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A University of Gothenburg study has revealed that individuals with bipolar disorders face a significant obesity-related health challenge. This could lead to a reduced life expectancy compared to the general population.

Bipolar individuals susceptible to obesity

The study published in the American Journal of Psychiatry reveals that adults with bipolar disorders are particularly susceptible to obesity. The research emphasizes the significant impact of the obesity epidemic on this group.

During a 12-year period from 2008 to 2019, researchers analyzed the BMI progression of 22,127 individuals with bipolar disorders and 71,894 individuals from the general population in Sweden using data from BipoläR and Statistics Sweden (SCB). In the general population, obesity rates increased from 11% to 15% for men and from 10% to 13% for women. Among those with bipolar disorders, obesity rates rose from 22% to 29% for men and from 25% to 33% for women.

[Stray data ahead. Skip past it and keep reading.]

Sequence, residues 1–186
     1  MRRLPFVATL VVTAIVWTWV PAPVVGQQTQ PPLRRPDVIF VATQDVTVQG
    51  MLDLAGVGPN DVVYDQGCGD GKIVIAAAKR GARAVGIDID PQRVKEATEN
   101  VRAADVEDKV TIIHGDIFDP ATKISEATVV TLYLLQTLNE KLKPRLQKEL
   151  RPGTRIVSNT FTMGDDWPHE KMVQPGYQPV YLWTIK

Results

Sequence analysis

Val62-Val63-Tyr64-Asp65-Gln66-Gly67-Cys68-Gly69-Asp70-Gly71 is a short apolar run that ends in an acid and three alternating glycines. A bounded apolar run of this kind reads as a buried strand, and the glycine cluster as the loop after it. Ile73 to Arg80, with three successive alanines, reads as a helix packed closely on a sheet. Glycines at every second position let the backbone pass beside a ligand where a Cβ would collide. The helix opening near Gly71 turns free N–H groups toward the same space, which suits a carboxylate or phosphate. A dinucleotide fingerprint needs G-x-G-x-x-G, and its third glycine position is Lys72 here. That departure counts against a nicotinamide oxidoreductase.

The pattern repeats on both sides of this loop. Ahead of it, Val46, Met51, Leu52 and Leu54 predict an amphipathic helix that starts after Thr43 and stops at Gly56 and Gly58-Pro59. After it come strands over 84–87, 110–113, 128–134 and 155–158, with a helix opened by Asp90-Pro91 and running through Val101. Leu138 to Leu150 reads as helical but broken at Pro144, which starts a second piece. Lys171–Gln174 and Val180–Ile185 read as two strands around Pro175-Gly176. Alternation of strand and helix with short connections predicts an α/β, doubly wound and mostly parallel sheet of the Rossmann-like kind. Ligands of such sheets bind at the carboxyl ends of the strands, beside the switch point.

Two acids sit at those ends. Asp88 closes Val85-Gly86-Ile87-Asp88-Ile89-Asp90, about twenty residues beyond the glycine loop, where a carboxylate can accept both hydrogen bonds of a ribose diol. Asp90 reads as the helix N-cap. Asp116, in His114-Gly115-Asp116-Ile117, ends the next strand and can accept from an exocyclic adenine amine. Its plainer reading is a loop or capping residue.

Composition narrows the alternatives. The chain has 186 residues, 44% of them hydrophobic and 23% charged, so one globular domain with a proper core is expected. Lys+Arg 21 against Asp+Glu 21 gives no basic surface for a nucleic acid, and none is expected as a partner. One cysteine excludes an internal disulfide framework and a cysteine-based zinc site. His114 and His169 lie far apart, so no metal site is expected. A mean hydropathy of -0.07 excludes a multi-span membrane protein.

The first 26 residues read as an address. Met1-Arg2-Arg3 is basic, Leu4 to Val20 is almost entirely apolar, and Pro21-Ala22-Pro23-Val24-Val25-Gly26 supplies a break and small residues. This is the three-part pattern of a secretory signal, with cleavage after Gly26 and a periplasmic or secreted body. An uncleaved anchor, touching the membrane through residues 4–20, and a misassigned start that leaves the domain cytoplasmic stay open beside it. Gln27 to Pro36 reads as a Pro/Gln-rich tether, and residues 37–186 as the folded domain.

Bipolar disorders affect 2-3% of the population, marked by manic and depressive episodes. If untreated, it can be disabling, but medication and therapy enable a normal life. Researchers caution against obesity’s impact on bipolar disorders, leading to worse outcomes in cardiovascular health, osteoarthritis, cancer, asthma, and antibiotic treatment effectiveness.

Obesity reduces effectiveness of bipolar treatments

The lead author, Hemen Najar, a Senior specialist at the Department of Psychotic Disorders at Sahlgrenska University Hospital, has highlighted that obesity not only has general negative effects but is also associated with reduced effectiveness of antidepressants and treatments like valproate and lithium in people with bipolar disorders. Moreover, obesity worsens the overall outlook for bipolar disorders, leading to higher chances of relapse and more severe mood swings during episodes.

The research highlights a significant difference in BMI growth rates between individuals with bipolar disorders and the general population. Over a decade, BMI increased by 0.4 and 0.6 units for men and women respectively in the general population, but rose by 1.4 units for women and 1.1 for men with bipolar disorders. This widening BMI gap is concerning because it contributes to co-morbidities in those with bipolar disorders, raising their risk of premature death.